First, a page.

But the basin holds potentially vast reserves of natural gas that commissioners say would pump money into the local economy -- millions more dollars in tax revenues and employment than the service jobs that a wilderness designation would bring, says Dickinson. "I won't trade mineral jobs for burger-flipper jobs on any day of the week."

While the administration isn't paying much attention to the land trust plan, it is listening to the commissioners. Interior Secretary Gale Norton has delayed authorizing a study that will settle the question of whether or not the Vermillion Basin meets the definition of wilderness.

Tapping into gas isn't the only concern. Ranchers also worry that wilderness could cut into their operations. And in a county that touts itself as the "Real West," cattle have clout. Although coal-fired electricity plants and strip mines provide the lion's share of taxes for the county's coffers, ranchers still dominate the local political landscape. Dickinson and a second commissioner who helped draft the trust plan, Mariana Raftopoulos, are from two of the largest ranching operations in the state. Together, the Dickinson and Raftopoulos families control about 340,000 acres of federal grazing land in the county, including Dickinson's permits in the Vermillion Basin.

In comes a cattle critic

This grip by grazing interests and the struggle over the Vermillion Basin have brought Moffat County into the crosshairs of Jon Marvel, who has sued land-management agencies, bid on state grazing leases and attacked the West's large public-land permittees (HCN, 8/2/99: Jon Marvel vs. the Marlboro Man). Last winter, Marvel's group, the Western Watersheds Project, filed an appeal to stop the BLM from renewing grazing permits held by the Raftopoulos family. The Interior Board of Land Appeals rejected the appeal, but it's raised the hackles of local ranchers.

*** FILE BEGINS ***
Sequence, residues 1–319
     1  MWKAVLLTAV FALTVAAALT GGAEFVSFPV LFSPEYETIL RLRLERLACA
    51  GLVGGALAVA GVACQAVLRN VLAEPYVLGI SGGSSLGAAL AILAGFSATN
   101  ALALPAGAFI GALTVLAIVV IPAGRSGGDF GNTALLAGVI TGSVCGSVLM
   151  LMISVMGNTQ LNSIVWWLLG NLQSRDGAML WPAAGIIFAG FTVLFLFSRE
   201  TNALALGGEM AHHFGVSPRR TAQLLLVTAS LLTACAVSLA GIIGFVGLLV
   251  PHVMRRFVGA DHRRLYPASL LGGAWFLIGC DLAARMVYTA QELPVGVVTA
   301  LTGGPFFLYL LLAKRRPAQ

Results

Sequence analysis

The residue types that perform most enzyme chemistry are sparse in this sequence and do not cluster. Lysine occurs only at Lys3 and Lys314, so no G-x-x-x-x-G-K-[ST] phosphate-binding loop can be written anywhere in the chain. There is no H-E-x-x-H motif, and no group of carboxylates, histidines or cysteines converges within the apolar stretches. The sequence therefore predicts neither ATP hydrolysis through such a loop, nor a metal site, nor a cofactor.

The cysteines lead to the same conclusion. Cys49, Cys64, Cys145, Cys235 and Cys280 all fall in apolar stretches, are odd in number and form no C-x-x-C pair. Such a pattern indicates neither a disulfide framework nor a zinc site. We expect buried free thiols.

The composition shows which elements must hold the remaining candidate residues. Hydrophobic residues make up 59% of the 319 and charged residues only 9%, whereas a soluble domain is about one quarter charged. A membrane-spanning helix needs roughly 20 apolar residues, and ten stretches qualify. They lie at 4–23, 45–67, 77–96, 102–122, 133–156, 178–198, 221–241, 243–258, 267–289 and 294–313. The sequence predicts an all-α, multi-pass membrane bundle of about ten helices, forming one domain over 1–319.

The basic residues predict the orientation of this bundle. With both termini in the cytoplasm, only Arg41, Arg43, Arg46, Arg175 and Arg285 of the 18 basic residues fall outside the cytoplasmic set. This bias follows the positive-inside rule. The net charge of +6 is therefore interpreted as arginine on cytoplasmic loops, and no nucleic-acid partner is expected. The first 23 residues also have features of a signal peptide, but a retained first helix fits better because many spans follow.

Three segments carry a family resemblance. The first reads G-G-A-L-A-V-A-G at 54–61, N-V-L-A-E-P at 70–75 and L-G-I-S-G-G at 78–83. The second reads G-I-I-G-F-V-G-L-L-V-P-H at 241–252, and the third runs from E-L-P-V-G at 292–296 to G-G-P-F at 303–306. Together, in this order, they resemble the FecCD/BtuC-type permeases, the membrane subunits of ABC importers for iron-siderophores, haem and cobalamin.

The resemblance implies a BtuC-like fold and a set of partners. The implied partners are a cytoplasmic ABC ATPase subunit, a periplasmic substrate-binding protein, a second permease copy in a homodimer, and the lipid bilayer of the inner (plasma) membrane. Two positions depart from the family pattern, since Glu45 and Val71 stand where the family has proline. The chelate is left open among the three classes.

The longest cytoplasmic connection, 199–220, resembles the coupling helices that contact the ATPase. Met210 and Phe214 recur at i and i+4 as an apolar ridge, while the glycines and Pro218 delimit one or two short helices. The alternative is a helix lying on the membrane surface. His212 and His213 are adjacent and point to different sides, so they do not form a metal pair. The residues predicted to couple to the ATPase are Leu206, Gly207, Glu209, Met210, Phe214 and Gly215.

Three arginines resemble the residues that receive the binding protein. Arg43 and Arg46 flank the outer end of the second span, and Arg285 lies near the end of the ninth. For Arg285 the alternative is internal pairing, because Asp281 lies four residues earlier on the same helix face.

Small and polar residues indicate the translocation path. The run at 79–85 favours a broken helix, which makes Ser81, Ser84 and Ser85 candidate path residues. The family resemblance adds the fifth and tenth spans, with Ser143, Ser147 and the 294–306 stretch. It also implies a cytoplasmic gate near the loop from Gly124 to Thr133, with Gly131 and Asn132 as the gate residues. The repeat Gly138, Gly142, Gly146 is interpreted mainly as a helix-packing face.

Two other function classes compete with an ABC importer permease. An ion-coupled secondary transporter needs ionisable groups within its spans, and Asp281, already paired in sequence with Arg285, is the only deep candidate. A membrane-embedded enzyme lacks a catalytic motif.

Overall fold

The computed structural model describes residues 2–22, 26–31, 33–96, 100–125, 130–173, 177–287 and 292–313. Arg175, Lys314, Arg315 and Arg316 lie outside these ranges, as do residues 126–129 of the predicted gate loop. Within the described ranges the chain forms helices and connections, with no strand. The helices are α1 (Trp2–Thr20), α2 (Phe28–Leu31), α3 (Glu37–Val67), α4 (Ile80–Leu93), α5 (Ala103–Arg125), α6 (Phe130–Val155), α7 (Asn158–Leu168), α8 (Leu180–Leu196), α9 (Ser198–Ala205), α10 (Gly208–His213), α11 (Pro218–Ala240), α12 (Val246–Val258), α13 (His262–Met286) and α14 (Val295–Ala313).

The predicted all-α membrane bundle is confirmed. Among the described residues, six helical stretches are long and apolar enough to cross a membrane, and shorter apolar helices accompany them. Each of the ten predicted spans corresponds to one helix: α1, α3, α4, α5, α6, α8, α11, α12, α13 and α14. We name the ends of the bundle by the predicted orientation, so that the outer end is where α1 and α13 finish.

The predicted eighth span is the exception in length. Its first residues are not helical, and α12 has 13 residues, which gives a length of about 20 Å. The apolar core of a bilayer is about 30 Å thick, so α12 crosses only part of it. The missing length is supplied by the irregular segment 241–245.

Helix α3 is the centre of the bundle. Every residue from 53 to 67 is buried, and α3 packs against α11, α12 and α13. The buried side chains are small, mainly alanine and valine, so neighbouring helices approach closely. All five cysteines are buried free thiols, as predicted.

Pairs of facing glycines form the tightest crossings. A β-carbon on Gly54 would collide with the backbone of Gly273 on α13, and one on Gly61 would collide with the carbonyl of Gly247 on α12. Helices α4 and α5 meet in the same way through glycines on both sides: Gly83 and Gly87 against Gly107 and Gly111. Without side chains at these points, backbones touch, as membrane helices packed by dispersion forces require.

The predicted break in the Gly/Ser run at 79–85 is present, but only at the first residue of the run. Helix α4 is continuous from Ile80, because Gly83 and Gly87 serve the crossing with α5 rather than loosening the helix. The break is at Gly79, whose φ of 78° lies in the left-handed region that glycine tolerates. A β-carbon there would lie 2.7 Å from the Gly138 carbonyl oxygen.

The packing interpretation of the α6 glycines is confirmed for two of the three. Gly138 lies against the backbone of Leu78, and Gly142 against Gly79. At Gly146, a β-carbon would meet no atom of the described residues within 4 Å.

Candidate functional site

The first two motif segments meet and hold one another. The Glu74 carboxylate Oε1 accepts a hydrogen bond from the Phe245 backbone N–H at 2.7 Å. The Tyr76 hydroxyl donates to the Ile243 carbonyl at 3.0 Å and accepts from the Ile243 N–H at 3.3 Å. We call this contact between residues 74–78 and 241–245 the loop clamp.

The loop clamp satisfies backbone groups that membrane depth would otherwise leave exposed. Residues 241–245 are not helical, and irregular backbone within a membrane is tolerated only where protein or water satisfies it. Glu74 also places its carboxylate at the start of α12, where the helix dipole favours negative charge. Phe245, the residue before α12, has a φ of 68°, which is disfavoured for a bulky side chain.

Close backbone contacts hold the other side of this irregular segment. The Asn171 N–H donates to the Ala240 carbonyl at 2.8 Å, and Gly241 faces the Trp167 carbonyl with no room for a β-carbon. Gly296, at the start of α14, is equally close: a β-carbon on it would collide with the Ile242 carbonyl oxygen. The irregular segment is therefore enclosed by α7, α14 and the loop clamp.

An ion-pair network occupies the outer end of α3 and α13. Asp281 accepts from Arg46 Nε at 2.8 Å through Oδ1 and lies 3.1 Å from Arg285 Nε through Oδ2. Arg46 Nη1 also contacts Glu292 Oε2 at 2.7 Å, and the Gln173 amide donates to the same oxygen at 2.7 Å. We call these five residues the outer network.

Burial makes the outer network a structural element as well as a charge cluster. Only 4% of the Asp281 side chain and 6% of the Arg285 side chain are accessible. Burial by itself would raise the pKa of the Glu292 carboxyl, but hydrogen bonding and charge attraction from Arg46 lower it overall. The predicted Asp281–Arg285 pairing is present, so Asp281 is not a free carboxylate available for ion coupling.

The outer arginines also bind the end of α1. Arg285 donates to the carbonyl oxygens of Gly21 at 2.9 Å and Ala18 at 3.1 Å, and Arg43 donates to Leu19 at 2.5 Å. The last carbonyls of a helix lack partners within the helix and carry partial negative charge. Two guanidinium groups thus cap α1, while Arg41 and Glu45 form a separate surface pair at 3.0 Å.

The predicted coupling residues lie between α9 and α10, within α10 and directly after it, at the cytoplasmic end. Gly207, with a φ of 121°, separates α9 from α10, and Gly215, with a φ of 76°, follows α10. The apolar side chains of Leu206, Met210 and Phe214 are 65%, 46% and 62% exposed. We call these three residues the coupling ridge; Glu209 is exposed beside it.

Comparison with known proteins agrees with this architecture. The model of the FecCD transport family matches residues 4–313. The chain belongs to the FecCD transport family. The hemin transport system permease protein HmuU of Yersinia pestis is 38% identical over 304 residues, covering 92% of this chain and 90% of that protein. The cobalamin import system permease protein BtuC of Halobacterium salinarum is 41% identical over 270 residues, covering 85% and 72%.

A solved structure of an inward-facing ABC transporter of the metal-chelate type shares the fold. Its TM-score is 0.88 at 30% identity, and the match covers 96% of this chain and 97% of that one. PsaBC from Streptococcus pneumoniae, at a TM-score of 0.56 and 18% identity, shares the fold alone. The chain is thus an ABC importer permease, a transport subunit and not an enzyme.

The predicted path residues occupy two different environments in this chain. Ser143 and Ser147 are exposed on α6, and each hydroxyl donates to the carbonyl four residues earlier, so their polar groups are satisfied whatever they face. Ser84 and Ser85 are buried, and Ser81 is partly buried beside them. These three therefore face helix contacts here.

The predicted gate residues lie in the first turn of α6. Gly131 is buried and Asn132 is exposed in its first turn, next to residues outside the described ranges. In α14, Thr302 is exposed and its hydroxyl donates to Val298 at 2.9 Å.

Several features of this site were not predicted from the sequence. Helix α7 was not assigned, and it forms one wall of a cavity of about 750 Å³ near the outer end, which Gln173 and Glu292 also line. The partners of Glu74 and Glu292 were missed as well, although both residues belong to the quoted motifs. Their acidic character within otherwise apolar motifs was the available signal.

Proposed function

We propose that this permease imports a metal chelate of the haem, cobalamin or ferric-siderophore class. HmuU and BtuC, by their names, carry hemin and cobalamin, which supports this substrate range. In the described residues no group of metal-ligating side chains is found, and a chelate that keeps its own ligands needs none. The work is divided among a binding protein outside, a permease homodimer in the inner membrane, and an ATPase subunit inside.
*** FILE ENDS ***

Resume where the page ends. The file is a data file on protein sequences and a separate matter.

"Seventy percent of our operation depends on public lands," says Steve Raftopoulos. "It would have been devastating to us. It bothers me that they are only concerned with the end goal. If people are truly concerned with the landscape, they'd come to the table and work through the process."

Marvel says it's too late to come to the table. He's considering filing suit in federal court over the Raftopoulos family's grazing permits and expects to appeal Dickinson's grazing permits that are currently up for renewal. "We can shine a light on the ranchers who are ruining the county and beating up on the land," says Marvel. He also hopes to draw the public's attention to the county's land-trust plan - a plan, he says, designed to protect the economic interests of the commissioners.

Protecting public-land ranchers is the key to protecting land in Moffat County, says Dickinson. "If these people don't have a belief in the future, their private land is for sale." So far, says Dickinson, his family has never sold any of its land for development. "But if that's the only option, you can kiss your elk-calving grounds goodbye."

Because implementing the trust would require changes to the cornerstones of national environmental law, including the National Environmental Policy Act and the Federal Land Policy Management Act, it appears that congressional approval of the trust won't come any time soon. So far, no one from Colorado's delegation has agreed to carry the ball.

But Dickinson says he'll continue to stump for the plan and that the county won't reconsider its stance on wilderness. Wilderness "is inappropriate for our community," says Dickinson. "It doesn't fit in Moffat County."

 

Robyn Morrison reports for High Country News from Paonia, Colorado.

You can contact ...

© High Country News